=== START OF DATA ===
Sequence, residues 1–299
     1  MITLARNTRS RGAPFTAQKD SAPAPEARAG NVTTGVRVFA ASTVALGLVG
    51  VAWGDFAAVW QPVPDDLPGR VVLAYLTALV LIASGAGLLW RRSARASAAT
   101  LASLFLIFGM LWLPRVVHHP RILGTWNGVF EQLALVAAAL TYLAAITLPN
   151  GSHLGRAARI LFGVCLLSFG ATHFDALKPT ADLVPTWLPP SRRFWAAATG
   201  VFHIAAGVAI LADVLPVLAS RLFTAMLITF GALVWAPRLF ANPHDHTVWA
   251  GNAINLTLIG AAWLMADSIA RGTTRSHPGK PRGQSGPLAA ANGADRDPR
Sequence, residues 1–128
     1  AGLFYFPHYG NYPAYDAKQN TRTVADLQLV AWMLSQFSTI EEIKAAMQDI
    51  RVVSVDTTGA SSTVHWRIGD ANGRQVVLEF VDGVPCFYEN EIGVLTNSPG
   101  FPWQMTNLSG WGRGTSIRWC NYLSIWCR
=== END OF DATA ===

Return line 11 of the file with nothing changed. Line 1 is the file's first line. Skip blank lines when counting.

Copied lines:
   101  FPWQMTNLSG WGRGTSIRWC NYLSIWCR